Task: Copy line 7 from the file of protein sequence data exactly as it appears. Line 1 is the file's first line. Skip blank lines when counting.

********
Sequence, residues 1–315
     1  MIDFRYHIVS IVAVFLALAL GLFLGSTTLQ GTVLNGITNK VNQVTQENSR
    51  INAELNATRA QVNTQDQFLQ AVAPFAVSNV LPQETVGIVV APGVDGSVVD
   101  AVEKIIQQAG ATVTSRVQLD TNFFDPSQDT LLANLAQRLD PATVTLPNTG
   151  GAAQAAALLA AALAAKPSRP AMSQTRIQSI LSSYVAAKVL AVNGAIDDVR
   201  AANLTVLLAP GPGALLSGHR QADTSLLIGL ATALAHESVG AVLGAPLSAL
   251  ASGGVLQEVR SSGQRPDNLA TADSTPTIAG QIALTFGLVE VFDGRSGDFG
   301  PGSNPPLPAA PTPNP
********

   251  ASGGVLQEVR SSGQRPDNLA TADSTPTIAG QIALTFGLVE VFDGRSGDFG